WILKES-BARRE TWP. — Saying his campaign has always been about people and noting he has received millions more votes than any other candidate, Donald Trump didn’t disappoint the more than 11,000 supporters at the Mohegan Sun Arena Monday evening.
Using a word many used in describing the event, Trump said, “This place is amazing.”
Trump claimed thousands more were turned away at the door, but the ones who got in were loud in their support of the front-runner for the Republican nomination for president.
Heather Gilligan stood on the arena floor waiting for Trump to arrive. She brought her two daughters, Erica, 9, and Nora, 3, to see the man she feels will be the next president.
“I think he can run the country,” Gilligan said. “He has all the skills needed for the job.”
Gilligan said she never thought any candidate would draw a crowd the size of the one that came out to support Trump, especially a Republican in Democratic-heavy Luzerne County.
“He has the backing of everybody,” Gilligan said. “He has united everybody.”
Herb Pearson, a retired teacher, said, “The establishment doesn’t realize that they are the problem, not Mr. Trump.”
Prior to the doors opening at 4 p.m., lines stretched in both directions around the building. A woman collapsed and was immediately attended to by emergency personnel. She gave a thumbs up as she was taken for treatment.
Diana Noschang, 35, of Newburgh, New York, wore a button that read, “Hot chicks for Trump.” She said the notion that women dislike Trump is “a huge, fat lie.”
“There are millions of us,” she said.
Noschang said she likes Trump because he will keep America safe.
“People are sick of the same old politicians,” she said. “We’re tired of getting the runaround. With Trump, our voices are being heard.”
More than two hours before Trump’s speech, people of all ages — from teenagers to senior citizens — filed into the arena to support the candidate they feel will be true to his campaign slogan — “Make America Great Again.”
Andy Shecktor, a candidate for delegate on the Republican ticket, supports Trump. He said he has known Trump since 1970 and Trump called him to ask for his support.
“Trump will get things done,” Shecktor said as he handed out campaign cards. “He cares. He’s not a machine politician.”
And Trump had prayer on his side, as Noel Burke, of Lehighton, arrived with a group of nuns from the Order of Missionairies for the Eucharistic Christ.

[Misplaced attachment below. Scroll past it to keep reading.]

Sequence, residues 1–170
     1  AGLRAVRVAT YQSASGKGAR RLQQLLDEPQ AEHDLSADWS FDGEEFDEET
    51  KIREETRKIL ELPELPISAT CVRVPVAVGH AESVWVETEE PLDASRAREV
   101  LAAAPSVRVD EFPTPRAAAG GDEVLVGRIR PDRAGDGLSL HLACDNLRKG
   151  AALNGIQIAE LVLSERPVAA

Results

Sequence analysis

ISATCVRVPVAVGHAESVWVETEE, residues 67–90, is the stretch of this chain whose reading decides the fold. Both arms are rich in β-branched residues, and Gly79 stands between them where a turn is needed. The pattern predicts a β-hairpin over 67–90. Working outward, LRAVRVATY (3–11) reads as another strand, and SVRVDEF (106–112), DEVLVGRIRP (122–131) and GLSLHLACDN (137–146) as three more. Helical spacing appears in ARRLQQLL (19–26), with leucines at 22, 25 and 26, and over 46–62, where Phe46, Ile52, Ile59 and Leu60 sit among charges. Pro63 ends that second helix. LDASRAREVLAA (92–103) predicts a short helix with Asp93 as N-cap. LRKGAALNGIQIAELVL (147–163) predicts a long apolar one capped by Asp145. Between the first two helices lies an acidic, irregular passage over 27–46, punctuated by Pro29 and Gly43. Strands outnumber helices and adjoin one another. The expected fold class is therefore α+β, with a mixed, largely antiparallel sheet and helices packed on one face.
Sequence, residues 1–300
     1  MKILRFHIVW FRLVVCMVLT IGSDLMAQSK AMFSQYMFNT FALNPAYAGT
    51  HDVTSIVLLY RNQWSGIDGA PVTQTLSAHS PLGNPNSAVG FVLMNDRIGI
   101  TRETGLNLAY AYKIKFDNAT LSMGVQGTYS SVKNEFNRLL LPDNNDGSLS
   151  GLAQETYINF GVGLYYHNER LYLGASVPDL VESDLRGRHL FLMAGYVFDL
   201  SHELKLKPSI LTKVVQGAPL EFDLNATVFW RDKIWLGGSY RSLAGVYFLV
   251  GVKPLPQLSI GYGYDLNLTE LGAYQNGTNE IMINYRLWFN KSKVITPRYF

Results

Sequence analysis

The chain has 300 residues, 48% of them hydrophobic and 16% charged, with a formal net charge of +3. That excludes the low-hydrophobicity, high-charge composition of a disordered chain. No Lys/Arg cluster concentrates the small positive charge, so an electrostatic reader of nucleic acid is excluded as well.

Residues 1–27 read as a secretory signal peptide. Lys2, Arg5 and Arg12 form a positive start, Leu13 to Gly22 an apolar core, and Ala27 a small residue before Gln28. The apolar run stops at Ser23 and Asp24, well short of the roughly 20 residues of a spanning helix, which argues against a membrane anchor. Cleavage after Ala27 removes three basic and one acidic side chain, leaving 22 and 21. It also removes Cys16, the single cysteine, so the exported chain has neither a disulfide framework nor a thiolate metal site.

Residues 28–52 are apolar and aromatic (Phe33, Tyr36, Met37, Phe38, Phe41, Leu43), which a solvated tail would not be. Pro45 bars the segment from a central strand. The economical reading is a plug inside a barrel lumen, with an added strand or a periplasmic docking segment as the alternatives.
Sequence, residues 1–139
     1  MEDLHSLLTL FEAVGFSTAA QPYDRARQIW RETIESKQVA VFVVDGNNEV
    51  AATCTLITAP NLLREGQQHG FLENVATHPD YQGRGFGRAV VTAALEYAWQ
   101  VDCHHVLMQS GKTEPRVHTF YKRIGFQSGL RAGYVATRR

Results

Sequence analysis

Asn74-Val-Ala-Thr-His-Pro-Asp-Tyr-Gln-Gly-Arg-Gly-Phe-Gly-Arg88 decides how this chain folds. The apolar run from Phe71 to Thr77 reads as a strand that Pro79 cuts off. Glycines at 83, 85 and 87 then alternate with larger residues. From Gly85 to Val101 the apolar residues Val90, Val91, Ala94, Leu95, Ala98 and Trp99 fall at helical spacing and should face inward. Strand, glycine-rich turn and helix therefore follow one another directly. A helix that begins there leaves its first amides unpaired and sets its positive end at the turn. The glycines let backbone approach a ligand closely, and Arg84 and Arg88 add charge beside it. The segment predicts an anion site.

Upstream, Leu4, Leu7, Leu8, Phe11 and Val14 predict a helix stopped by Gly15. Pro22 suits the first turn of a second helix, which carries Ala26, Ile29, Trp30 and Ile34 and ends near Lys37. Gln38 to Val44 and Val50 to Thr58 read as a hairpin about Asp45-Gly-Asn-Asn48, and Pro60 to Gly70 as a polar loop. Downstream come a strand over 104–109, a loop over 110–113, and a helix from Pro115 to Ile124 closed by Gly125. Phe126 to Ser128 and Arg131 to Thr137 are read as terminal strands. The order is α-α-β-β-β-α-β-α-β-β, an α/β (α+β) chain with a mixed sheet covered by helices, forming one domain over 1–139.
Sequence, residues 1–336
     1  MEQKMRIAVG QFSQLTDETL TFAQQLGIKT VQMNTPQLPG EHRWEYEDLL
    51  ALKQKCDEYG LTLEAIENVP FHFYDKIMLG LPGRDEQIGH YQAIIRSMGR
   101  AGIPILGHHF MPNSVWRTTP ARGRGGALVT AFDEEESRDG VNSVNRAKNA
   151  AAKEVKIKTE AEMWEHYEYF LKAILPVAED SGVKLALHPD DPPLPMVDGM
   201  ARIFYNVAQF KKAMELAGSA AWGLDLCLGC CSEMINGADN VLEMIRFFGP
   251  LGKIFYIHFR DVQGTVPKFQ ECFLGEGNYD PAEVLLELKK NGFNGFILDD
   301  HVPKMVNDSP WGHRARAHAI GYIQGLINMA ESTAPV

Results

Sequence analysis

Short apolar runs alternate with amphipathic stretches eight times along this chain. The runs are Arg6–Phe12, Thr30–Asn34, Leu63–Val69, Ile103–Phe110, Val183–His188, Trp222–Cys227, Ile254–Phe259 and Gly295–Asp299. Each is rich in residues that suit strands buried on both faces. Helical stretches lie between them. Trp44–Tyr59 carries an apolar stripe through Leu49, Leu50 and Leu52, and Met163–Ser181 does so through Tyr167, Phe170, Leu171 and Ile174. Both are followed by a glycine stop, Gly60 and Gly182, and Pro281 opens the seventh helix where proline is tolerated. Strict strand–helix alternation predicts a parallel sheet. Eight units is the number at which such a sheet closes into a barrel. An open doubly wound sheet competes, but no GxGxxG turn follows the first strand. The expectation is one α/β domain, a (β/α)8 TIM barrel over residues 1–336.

“We’re here to pray for Mr. Trump,” Burke said. “He will get things done and done quickly.”
Inside, Mary Zona, a salon coordinator in Tunkhannock, said she likes Trump because he’s a fighter.
“He’s a go-getter and he will make America great,” she said.
Like many people in line and inside the arena, Zona said she respects the fact that Trump is financing his own campaign.
Nick Hannon, of Ashley, and Jillian Stopodzian, of Hanover Township, both 17, can’t vote in this election, but they are interested in the outcome and are pulling for Trump.
“This is our future,” Hannon said. “We have to care about it.”
Hannon said he and Stopodzian and others of their generation are approaching the most important years of their lives — starting college and seeking employment.
“Trump will be president during those years, hopefully,” Hannon said. “I think he’s the best of the options and he will beat whoever the Democrat is.”
Standing nearby were Tony Stianchie, 18, and Patrick Iezzoni, 20, both of Summit Hill.
“Trump is funding his own campaign and he’s the only one who speaks his mind,” Stianchie said. “And he’s not Hillary.”
Walt and Cynders Hunsicker, of McAdoo, said they want America back and Trump is the candidate to do that.
“Actually, we want the good, old America back,” Walt said. “The America where we honor the flag.”
His wife added, “We want the America back that our soldiers fought and died for.”
A group of students from Scranton Prep were positioned close to the stage. Elizabeth Kulick, 18, of Bear Creek, said all the Prep students at the rally are 18 years old and will vote in the primary and general elections.
“We’ve had so many years of politicians and we’re unhappy,” Kulick said. “And Congress has such a low rating; it’s time for change. We feel it’s important for young people to get out and vote.”
U.S. Rep. Lou Barletta, R-Hazleton, said he has never seen anything like the turnout for Trump.
“There is so much energy in here tonight,” Barletta said. “You can feel it.”
Barletta said the Trump campaign had received some 18,000 requests for tickets to the event.
“I think it’s pretty clear how much support Donald Trump has,” Barletta said. “He speaks for the American people — for the forgotten Americans who are drawn to him.”
A thread of red, white and blue patriotism ran through the crowd of thousands, as the Pledge of Allegiance was recited and the National Anthem sung. A frenzy nearly broke out when campaign volunteers began passing out Trump for President signs to the crowd.
• “We protect many nations. Obama went to Saudi Arabia and Cuba and no leaders greeted him at the airport. If that were me, I would get back on the plane and get out of there.”
• “I got the slowest trigger of anybody, but nobody is going to play games with me. The Middle East is a big, fat mess.”
• When Trump — wearing a dark suit, white shirt and a red tie — asked whether the crowd was going to vote for him, his question was met with a roar of approval. “We love Wilkes-Barre; we love Pennsylvania,” he said.